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Catasauqua Creek


Source: https://upload.wikimedia.org/wikipedia/commons/thumb/f/f5/Catasauqua_Creek_watercourse_in_Catasaugua%2C_PA%2Bsource%2Bits_direct_distance-USGS.jpg/50px-Catasauqua_Creek_watercourse_in_Catasaugua%2C_PA%2Bsource%2Bits_direct_distance-USGS.jpg

Description. Lang: en

Catasauqua Creek is an ENE–SSW oriented creek draining 6.6 miles (10.6 km) (straight line distance) from springs of the Blue Mountain barrier ridge several miles below the Lehigh Gap in the ridge-and-valley Appalachians located upriver & opposite from Allentown in Lehigh and Northampton counties in Pennsylvania. 
The mouth of the creek outlets directly opposite West Catasauqua, Pennsylvania just below the Race Street bridge across the Lehigh, the latest of the several successor structures built to replace the original wooden bridge built in 1839-1840 to carry heavy wagons of iron ore to the new furnaces being built within the new village aborning as the Lehigh Crane Iron Company created the infrastructure to father the iron and steel industry of the Lehigh Valley.  The head of the Creek begins in the Dannersville neighborhood of Bath at 40°44′16″N latitude 75°25′58″W longitude (or 40.737849,-75.432824) forming a steep sided ravine almost immediately as it gathers waters over its first mile.  By the time it passes Sauerkraut Hill its gathered two major tributary creeks and is leaving steeper terrain for a gentler run over the last four miles or so remaining to its mouth.
Catasauqua Creek was the water course along which six of the first eight successful anthracite fueled iron smelting hot blast furnaces in North America were erected for it was chosen in 1839 as a mill stream by Erskine Hazard & Josiah White, co-founders of the Lehigh Coal & Navigation Company, along which to establish their new subsidiary: the Lehigh Crane Iron Company with imported Welsh expert David Thomas as superintendent to construct and operate blast furnaces.
The area first appears in the historical record as a manorial deed in Penns times, but a surnames analysis by [TBDL-author of History of Northampton County] in his 1877 history of Northampton County shows the area was first settled by Irish emigrants (late 1600s–early 1700s) who became bought out by descendants of German extraction.By late 1839, the creek was reshaped to begin providing water power for producing the first North American pig iron using anthracite as the principle fuel, a new breakthrough product, anthracite iron — that in conjunction with the new wonder fuel, anthracite (which began pouring down the Lehigh Canal in 1820), effectively boot strapped the American Industrial Revolution. The first successful anthracite blow and cast of iron occurred there on July, 4th 1840 about which Bartholomew & Metz note:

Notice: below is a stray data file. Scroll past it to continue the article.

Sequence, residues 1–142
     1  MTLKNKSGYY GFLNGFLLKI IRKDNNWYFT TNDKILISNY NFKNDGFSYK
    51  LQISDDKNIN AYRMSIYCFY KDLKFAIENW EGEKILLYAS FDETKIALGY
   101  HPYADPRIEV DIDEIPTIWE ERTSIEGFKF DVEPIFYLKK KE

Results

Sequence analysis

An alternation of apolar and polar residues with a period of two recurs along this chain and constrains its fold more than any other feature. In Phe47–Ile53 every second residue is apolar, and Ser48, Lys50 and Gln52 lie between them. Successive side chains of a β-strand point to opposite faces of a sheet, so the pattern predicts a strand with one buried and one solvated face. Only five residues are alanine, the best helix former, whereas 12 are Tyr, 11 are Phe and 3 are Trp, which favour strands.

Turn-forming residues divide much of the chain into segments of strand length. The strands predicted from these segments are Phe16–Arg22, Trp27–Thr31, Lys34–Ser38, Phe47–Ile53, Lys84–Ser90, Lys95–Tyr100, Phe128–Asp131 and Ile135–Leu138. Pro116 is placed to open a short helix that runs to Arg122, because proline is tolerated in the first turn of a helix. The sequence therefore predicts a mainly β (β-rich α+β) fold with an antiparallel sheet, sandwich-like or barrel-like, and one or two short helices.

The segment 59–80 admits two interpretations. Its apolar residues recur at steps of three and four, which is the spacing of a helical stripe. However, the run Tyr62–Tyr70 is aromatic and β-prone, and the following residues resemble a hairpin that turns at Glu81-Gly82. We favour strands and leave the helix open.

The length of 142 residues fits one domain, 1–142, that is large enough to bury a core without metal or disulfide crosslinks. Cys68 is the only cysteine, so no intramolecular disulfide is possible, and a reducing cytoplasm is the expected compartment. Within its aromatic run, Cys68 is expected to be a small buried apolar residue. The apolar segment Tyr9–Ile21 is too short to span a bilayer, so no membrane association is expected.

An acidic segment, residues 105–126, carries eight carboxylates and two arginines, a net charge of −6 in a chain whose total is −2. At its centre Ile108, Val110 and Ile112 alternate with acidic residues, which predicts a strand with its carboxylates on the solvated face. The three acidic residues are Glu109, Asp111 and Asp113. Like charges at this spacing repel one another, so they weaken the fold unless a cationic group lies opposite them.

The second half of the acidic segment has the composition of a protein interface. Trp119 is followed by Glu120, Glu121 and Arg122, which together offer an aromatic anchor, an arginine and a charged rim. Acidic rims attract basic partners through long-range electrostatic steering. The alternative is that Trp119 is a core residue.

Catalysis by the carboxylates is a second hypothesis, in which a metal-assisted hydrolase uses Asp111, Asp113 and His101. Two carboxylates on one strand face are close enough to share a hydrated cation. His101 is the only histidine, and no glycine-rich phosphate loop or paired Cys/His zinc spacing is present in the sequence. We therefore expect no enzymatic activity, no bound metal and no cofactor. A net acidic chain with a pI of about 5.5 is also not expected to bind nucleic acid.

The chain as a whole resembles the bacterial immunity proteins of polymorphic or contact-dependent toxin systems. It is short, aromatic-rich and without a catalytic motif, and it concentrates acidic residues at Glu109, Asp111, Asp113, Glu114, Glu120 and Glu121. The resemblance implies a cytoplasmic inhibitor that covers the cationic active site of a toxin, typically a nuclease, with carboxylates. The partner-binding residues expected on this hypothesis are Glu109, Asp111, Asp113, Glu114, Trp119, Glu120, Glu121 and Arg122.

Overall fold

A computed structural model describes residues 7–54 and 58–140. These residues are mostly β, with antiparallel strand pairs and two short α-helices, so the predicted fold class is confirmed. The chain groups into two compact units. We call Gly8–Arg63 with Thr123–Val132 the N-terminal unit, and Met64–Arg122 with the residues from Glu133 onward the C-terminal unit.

From that moment on, anthracite and the canals pivotal importance in the industrial development of the United States.Using anthracite as fuel in its production, iron for the first time became plentiful and inexpensive.  For a period of thirty years, three decades that shaped the future of the valley, anthracite fueled furnaces throughout the Lehigh Valley produced greater quantities of iron than any other part of the nation.
Catasauqua creek is a left bank tributary entering from the East shore of the historic Lehigh River/Canal and is often known as the "catty creek".


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Catasauqua Creek

Catasauqua Creek

Creek in Pennsylvania

  • Desc: Catasauqua Creek is an ENE–SSW oriented creek draining 6.6 miles from springs of the Blue Mountain barrier ridge several miles below the Lehigh Gap in the ridge-and-valley Appalachians located upriver & opposite from Allentown in Lehigh and Northampton counties in Pennsylvania.
  • Wiki: https://en.wikipedia.org/wiki/Catasauqua_Creek
  • Type: RiverBodyOfWater, Thing, Place, BodyOfWater
  • Result Score: 99.90

Rittenhouse Gap

Village in Pennsylvania

  • Desc: Rittenhouse Gap is the name of a village in Longswamp Township, Berks County, Pennsylvania, at 40°28′04″N 75°37′47″W. The gap which gives the town its name lies between the headwaters of Swabia Creek, in the Lehigh River watershed, and an unnamed tributary of the Perkiomen Creek, in the Schuylkill River watershed.
  • Wiki: https://en.wikipedia.org/wiki/Rittenhouse_Gap,_Pennsylvania
  • Type: City, Place, Thing
  • Result Score: 0.00
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